Buffalo State Hospital & Cemetery

Buffalo State Hospital served the counties of Erie and Niagara.

1916 Buffalo State Hospital
Buffalo State Hospital – OPACITY.
Roger Luther – New York State Asylum for the Insane – H.H.Richardson Complex.
The Buffalonian – The H.H. Richardson Complex (Buffalo Psychiatric Center).
The Richardson Olmsted Complex.
Risen from the Dead: Buffalo’s Richardson Olmsted Complex – New York States of Mind.
Olmsted In Buffalo – New York State Asylum for the Insane (Richardson-Olmsted Complex).

Buffalo State Hospital

Buffalo State Hospital

I’m not sure if Buffalo State Hospital had a cemetery, they may have used a public cemetery. If I had to guess, I would think deceased patients of the facility were buried at Forest Lawn Cemetery.

THE BLACK ROCK BURYING GROUND. – When the lands comprising the South Village of Black Rock were surveyed in 1804 or 1805, there were two blocks, Nos. 41 and 42, appropriated by the state for burial purposes. These, however, were found to be too low, and hence not suitable; many, therefore carried their dead even to the “Franklin Square” ground; and when Black Rock village was incorporated, Col. William A. Bird, in behalf of the corporation, procured the exchange of those two lots for one situated on higher ground; being lot No. 88 on North street, since known as the Black Rock Burying Ground. This lot was bounded by Jersey, Pennsylvania, and Fourteenth streets, and the mile strip or what is now “The Avenue.”

When the “Guide Board Road” (now North street) was worked through, this lot was cut in twain, and a small triangle was left on the south side, in the old limits of Buffalo City. This small lot, by an arrangement with the Black Rock authorities, was used as a Potter’s field for the unfortunates who died at the Poor-house; this building being a little to the west of it, next to the church of the Holy Angels, and now used for the Parish School. In this little spot of ground have been doubtless laid without a pitying eye to weep over their wreck, or a friendly hand to raise a tablet to their memory, as noble persons as have ever existed; but poverty and misfortune blighted their prospects, and they became dependents on the bounty of their fellow-creatures.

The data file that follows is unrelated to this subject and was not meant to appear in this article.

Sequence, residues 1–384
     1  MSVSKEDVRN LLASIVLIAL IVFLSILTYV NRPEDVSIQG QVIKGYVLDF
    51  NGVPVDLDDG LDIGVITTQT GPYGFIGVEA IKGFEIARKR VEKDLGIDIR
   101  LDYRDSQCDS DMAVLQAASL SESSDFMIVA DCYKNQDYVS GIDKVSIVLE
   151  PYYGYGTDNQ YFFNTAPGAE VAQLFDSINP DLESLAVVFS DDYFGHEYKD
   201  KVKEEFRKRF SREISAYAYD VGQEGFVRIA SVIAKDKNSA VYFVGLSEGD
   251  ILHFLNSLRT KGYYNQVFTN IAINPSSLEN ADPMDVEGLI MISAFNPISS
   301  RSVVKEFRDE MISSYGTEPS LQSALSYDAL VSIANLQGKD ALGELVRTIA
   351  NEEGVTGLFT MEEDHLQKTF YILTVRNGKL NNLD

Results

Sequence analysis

Many a time have I pondered over the unmarked hillocks here and thought what tales could be revealed were the history of the unknown and unnoted dead under my feet made up into a living record. But they were not permitted to rest in peace. The City of Buffalo a few years since fenced in the lot, and desecrated the spot by using it as a public pound. Could no other vacant place be found, that even a pauper might not be allowed to rest here without having his last hold on earth made the stamping place for vagrant cattle?

The main lot was used for years by the inhabitants of Black Rock; but burials having been discontinued for some time, the land was conveyed to that noble institution the Charity Foundation of the Episcopal Church. As in the Franklin Square and North Street Public Cemeteries there were no private lots here, but places were assigned by the authorities.

When the Forest Lawn Cemetery was established, in 1850, many families bought lots and removed their dead from this ground. Since then, in grading Rogers street many graves were dug up, and the bones collected and removed to Forest Lawn. And within the last few years, in grading “The Circle” which takes in most of this old burying ground, many more have been dug out and deposited there. More still remain which should be properly taken care of. Although I ever disapprove of the practice of our city rulers in disturbing and removing the bones from our old burying grounds, yet in this case it seems to be a matter of public necessity; and as part have been removed they may as well all be.”
SOURCE: 1879 Buffalo Cemeteries – William Hodge – Pages 8 & 9.

CLICK HERE TO VIEW THE VIDEO They’re Buried Where? by Seth Voorhees

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